DX: You describe that as a change, but we talked to you back in October of 2012, and you said that was the same thing. You even described it as part of the reason why you weren’t getting respected for your music, that you were so, “I don’t give a fuck.” And now it sounds like you’re more, “I don’t give a fuck.”

Machine Gun Kelly: Interesting. Damn, dude. I love great interviews. I love stretching my mind. That’s awesome…I think it’s just a true sense of “I don’t give a fuck” now. I asked Puff last night. I said, “Hey man, when do you think I’ll get Rolling Stone?” He said, “When you stop giving a fuck about getting Rolling Stone.” You know why Puff’s parties are so cool, man? Because you can’t get into the party. It doesn’t matter what the fuck is going on in the party—nothing cool is going on in the party—it’s a party. But for some fucking reason, at his party, you can’t get into the party. So now what do you want to do? Get into that man’s party, and see what the fuck all the hubbub is about. So right now, I do have a fucking “do not enter” sign on Machine Gun Kelly.

DX: A big story broke out in Cleveland today. Amanda Berry and two other women were found in a house; they’d been kidnapped for 10 years. A neighbor was in the right place, right time, and was able to break them out. What are your thoughts on that? Did you see that story?

Machine Gun Kelly: Yeah, we were all watching that story. God is great in that situation; three innocent people are alive. That was crazy. That’s something that I can’t really comment on, except for like God bless everybody, because I wasn’t in that situation. So nothing I could say could do any justice to someone losing 10 years of their life.

DX: It’s something that I just don’t feel comfortable talking about. It’s something that seemed to bring—at least from what I saw on TV today—a unifying kind of energy. It was a big positive thing that happened in Cleveland, despite all the tragedy that surrounded it. I think those are the kind of things that resonate with people.

Machine Gun Kelly: I can’t wait until Cleveland is in headlines for something positive like hosting the All-Star game. I want to see Cleveland in a positive way. As positive as that situation is, it’s still, “Cleveland’s got a criminal.” There’s so much positive stuff in that city I want everybody to see. Every time they see us it’s like a gun shot, three kidnappings. It’s like, “God damn.” Machine Gun Kelly gets arrested, it’s like, “God damn.” We need a fucking cartoon; we need a God damn cartoon. We have one! It’s “The Cleveland Show,” it’s just not in Cleveland.

Machine Gun Kelly Answers Three Fan’s Questions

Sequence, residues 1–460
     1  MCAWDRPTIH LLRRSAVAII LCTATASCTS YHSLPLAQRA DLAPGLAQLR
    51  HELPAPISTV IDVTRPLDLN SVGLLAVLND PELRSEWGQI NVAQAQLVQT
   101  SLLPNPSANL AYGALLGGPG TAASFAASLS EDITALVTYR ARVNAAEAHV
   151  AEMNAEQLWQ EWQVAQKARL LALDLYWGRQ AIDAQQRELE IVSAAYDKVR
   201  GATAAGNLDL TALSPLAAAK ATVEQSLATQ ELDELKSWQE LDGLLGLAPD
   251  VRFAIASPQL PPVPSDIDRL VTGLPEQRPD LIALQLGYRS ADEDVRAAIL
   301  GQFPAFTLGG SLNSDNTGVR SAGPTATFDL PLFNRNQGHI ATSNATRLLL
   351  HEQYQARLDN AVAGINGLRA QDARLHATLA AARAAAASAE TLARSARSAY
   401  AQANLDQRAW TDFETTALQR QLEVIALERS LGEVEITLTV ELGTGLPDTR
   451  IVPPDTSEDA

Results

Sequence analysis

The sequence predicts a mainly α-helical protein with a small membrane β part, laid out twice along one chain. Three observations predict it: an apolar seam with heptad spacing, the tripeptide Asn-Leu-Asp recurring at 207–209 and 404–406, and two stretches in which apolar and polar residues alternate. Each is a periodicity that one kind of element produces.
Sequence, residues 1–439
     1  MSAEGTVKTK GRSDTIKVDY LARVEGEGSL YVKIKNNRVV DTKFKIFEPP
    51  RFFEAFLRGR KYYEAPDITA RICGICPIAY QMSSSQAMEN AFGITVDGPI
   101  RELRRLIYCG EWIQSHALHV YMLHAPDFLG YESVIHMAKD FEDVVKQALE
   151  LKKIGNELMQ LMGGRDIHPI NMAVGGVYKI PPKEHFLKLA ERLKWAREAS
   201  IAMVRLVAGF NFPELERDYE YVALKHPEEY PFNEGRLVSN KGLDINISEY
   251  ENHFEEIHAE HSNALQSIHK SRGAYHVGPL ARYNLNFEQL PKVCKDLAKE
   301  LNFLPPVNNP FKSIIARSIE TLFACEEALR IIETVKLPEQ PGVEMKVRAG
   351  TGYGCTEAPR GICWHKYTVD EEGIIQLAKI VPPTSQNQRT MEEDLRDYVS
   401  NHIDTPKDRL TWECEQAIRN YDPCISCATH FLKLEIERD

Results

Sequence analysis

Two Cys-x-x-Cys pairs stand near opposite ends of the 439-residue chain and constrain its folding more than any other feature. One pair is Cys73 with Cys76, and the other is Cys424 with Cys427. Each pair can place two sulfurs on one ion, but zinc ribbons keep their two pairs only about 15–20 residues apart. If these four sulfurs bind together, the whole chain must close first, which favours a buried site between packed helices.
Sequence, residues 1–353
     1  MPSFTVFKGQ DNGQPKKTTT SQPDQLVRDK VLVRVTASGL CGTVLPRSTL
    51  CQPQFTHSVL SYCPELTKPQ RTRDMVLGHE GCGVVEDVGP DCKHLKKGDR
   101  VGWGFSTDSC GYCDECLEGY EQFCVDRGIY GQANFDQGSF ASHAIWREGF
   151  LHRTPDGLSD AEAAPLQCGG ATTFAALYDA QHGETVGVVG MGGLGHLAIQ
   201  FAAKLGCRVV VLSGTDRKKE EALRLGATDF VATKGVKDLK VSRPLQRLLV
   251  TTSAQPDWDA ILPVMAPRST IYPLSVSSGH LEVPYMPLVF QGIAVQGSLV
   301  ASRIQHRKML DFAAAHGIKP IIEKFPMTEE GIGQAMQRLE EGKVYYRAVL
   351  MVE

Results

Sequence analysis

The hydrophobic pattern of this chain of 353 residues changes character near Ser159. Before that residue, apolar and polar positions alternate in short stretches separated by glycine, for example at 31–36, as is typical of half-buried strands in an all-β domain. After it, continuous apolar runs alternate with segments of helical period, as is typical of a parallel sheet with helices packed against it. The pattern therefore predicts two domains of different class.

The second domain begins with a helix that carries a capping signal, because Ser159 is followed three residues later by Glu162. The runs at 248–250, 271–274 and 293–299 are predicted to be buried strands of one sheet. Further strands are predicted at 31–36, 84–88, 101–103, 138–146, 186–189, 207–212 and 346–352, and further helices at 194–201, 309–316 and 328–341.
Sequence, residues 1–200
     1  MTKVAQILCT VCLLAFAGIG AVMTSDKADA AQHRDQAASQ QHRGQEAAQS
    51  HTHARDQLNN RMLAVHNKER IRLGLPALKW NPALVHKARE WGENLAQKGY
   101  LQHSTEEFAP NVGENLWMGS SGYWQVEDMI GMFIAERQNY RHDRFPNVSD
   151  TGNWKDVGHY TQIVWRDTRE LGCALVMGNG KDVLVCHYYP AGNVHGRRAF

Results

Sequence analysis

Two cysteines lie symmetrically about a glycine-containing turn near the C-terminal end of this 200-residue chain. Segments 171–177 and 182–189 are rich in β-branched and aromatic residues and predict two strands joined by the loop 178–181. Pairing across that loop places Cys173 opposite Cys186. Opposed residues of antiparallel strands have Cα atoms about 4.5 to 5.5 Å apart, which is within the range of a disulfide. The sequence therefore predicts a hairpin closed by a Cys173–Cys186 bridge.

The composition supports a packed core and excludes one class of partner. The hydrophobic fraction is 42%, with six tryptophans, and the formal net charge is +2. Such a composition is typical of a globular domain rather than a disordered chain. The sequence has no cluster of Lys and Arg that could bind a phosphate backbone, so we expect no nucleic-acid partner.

DX: We saw your fans outside before we came up here to interview you.

Machine Gun Kelly: How they doing?

DX: They are drunk, they are excited, and they are decked out in…

Machine Gun Kelly: Machine Gun Kelly gear.

DX: Exactly. So we asked them what ultimate Machine Gun Kelly question they would ask, and the first question we received was, “Would you date a chubby chick?”

Machine Gun Kelly: Yeah, I have. For a long time, actually. She was the only person to ever make me cum four times in a blowjob. It hurt. By the third one I was like, “Huhhh…” The fourth one I had to fake, like “Uh, yeah there it is. Get the fuck off!” I didn’t touch my dick for two weeks, [starts singing “I Got Dat Sack” by Yo Gotti] “Sucked the skin off this dick, should’ve seen this shit.”

DX: Y’all broke up?

Machine Gun Kelly: That bitch just went crazy. That bitch was crazy. Crazy bitch…crazier than a mothafucka.

DX: The second question we had was, what is the one life-changing moment that you’ve had? What is something that happened that changed the entire way you look at things?

Machine Gun Kelly: I don’t think anything’s happened big enough that’s changed my life. I still have so many of the problems that everyone was critical about these past years and [reasons] why I haven’t succeeded yet. A lot of that was in my attitude and stuff like that. Given that I still have that problem, and just because everyone caught me on a good day today—unless this becomes a constant thing—I don’t think I’ve experienced a life-changing, “whoa” moment yet. I haven’t actually changed to the point where everyone’s like, “Dude, he’s just so much different now, it’s awesome.” There are still those days where you’re just like, “Fuck you man, MGK sucks today.” Not the people. I’m talking about on the bus, where people wake up and they’re like, “God dammit. This fucking guy.”

DX: So that’s you just being yourself, and being yourself has gotten you here.

Machine Gun Kelly: Yeah, being myself is not the move if you want to be a fucking rapper [laughs]. Don’t be yourself, kids. We all see what it’s done, be like everyone else, dude, go…nevermind. I’m not gonna go there.